Aneurysms of a single aortic sinus are not uncommon and it may also involve dilation of the ascending aorta as well. The dilated aortic sinus usually alters the geometry of the aortic root and patients will present more often with an aortic insufficiency. Both ruptured and non-ruptured sinus of valsalva aneurysm (SOVA) can be complicated by aortic regurgitation, occurring in up to 30% to 50% of patients . Unruptured SOVA are asymptomatic, but can present as dyspnea, palpitations, angina or arrhythmia. The treatment options for unruptured SOVA include aortic root reconstruction or replacement, aortic valve repair or replacement, Bentall procedure or patch repair of the SOVA.Aortic valve resuspension is a widely practised in repair for acute Type A aortic dissection. This procedure was first described by Walter G Wolfe from the Duke University, Durham. In his original series, 24 of the 30 patients with acute aortic dissection had resuspension of the aortic valve. Further “a woven Dacron® graft was then sutured beginning at the junction of the left and right coronary cusps. The graft was fashioned and sutured above the left coronary orifice around and down to the commissure of the left and non-coronary cusps. The graft suture line was then extended along the non-coronary cusp and then around the right coronary artery completing the suture line ”. Three years later, in his updated case series he added, “the proplapsing portion of the aortic valve (usually the non-coronary cusp) was resuspended with pledgeted sutures in order to restore competency of the valve ”. It worth noting that he described a surgical procedure wherein, the aortic valve was resuspensed and supracoronray aorta was replaced.In the recently published article , the authors have successfully performed a “Wolfe Procedure” in a 78 year old female and followed up the patient for 2 years. Though authors have conscientiously extricated the option of root repair or replacement, it still raises a few concerns about the procedure which they have performed. The authors mention of a “predominant expansion of the non-coronary sinus and thinning of the wall at the level of FC 22 mm and SV 76, 7x62 mm, ST-zone 38 mm”. Though not sure of the abbreviations, Figure 1 shows an enlarged non-coronary aortic sinus. Dilated aortic sinus / annulus will distort the aortic root leading to aortic insufficiency. It is surprising that the authors have not mentioned about the status of the aortic valve and is highly inconceivable that the patient will not be having any aortic valve insufficieny for such a large aneurysm. The status of Aortic root aneurysm was detected in preoperative echocardiogram, while the status of the aortic valve was noted intraoperatively - “aortic valve leaflets did not close due to the expansion of the non-coronary sinus” . Though they have not mentioned about the aortic valve while presenting the case report, but when opening the discussion, they mention that the, “case report describes the treatment of an aortic root aneurysm by the replacement of the aortic valve together with the placement of an interposition graft with proximal scallop to recreate the non-coronary sinus (i.e., Wolfe procedure)” . It is not clear whether the authors have replaced the aortic valve in their patient or they describe in general. In either of the situations, the procedure describe by Wolfe does not mandate replacement of aortic valve; it is rather a resuspension of the valve.They have argued that the Euroscore II of 19.39% is high in regards to “patient’s age, female sex, the center’s estimated surgical volume, and the present comorbidities ”. It has to be noted that ‘Center’s surgical volume’ is not a variable in Euroscore II. It should be further emphasised, that the authors have not any mentioned any comorbidities of the patients including the left ventricular function while presenting the case. Earlier studies have reported the overestimation of surgical risk in septuagenarians and octogenarians by Euroscore II [5,6,7]. It is a well-known fact that the coronary artery of elderly patients has to be evaluated before any open heart surgery; more so when have symptoms of angina. Though the authors mention that the elderly lady had coronary heart disease with class III angina pectoris, there is no description of the native coronary arteries in the manuscript. Atrial fibrillation or arrythimas are well known presentation symptom for patients with SOVA. This may be due to compression of the coronary arteries or any chamber(s) of the heart. A preoperative CT aortagram could have added value in this regard which the authors have not provided. It is mentioned that there is “dilation of the ascending, arch, and descending aorta” preoperatively. After the procedure the size of the aortic arch is 28 mm. It is so intriguing to know the mechanism of decrease in aortic arch size postoperatively after the so called “Wolfe Procedure”. As an aortic surgeon it is curious to note the ‘plunger-top’ of a syringe buried inside the vascular graft in Figure 3. Not sure why and how it was buried, but it would be of great value, if the authors could describe the technique of using the same in detail in a separate manuscript.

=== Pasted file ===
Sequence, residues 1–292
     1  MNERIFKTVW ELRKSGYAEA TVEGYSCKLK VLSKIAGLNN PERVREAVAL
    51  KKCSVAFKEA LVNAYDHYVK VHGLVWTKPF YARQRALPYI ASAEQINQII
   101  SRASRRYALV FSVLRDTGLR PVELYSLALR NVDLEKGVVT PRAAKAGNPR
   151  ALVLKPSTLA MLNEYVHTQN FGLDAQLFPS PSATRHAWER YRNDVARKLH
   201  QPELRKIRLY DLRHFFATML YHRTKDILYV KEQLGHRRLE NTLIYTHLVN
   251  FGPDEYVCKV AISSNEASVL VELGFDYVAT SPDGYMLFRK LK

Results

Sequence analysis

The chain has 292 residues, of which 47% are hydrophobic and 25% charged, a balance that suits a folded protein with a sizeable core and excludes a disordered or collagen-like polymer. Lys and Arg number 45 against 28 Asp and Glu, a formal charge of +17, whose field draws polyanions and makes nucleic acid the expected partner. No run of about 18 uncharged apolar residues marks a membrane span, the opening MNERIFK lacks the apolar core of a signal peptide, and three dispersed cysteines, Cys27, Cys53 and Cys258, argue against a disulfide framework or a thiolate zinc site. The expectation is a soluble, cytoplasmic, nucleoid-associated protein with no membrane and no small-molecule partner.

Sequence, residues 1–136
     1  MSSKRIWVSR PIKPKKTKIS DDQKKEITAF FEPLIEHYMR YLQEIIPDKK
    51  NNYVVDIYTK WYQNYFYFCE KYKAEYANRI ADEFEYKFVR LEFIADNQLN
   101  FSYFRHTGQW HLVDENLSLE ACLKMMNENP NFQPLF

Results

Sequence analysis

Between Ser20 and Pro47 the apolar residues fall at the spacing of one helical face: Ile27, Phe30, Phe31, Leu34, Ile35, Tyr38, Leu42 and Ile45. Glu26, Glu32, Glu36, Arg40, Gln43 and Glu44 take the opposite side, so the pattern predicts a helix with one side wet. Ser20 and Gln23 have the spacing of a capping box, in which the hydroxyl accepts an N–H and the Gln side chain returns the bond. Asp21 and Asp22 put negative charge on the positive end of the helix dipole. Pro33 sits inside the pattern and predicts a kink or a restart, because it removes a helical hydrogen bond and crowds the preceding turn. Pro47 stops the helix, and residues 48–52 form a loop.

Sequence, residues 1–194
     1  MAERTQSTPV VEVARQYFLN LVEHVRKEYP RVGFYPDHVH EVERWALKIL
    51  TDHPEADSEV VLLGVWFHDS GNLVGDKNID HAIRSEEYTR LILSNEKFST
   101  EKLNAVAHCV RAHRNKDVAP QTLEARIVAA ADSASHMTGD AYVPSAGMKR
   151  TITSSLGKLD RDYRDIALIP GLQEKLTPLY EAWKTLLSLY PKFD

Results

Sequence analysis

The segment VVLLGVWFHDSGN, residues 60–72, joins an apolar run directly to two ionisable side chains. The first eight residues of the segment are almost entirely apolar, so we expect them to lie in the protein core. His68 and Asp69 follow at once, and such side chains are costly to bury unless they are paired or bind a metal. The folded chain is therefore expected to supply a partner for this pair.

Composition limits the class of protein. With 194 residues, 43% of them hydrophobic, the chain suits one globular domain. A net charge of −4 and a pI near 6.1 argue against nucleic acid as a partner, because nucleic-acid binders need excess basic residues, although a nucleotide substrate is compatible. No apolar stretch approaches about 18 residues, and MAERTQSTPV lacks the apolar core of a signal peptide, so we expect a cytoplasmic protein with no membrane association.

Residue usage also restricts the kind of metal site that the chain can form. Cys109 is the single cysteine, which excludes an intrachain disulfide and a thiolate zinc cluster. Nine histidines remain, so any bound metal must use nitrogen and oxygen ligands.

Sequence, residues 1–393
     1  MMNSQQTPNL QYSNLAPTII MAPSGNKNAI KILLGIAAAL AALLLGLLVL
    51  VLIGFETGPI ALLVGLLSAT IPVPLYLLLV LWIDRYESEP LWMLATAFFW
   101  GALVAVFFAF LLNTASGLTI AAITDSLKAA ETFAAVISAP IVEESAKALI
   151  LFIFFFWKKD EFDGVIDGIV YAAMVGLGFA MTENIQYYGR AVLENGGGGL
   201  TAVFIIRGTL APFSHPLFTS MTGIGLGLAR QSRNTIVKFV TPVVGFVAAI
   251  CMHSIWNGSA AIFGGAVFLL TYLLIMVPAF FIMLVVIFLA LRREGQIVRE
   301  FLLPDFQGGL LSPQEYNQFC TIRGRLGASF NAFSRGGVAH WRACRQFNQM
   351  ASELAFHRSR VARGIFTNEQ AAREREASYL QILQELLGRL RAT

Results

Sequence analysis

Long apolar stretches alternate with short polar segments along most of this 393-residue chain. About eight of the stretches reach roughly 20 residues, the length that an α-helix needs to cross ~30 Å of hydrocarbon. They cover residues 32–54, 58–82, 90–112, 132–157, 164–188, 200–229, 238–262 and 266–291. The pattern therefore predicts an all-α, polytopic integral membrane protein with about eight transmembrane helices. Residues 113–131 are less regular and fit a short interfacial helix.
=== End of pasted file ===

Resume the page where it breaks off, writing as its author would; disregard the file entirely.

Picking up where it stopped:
Proximilisation of Frozen Elephant Trunk (FET) necessitates the ligation and reimplantation of the left subclavian artery (LSA), the origin of which is distal and posterior, make rerouting difficult and cumbersome. We describe a rather simple technique for subclavian artery exposure and effective anatomical reconstruction in the mediastinum coupled with hybrid FET utilisation for aortic aneurysm in elective and non-elective settings. The division of the sternocleidomastoid coupled with the sandbag behind the left shoulder brings the LSA superficial enabling anastomosis without any difficulty.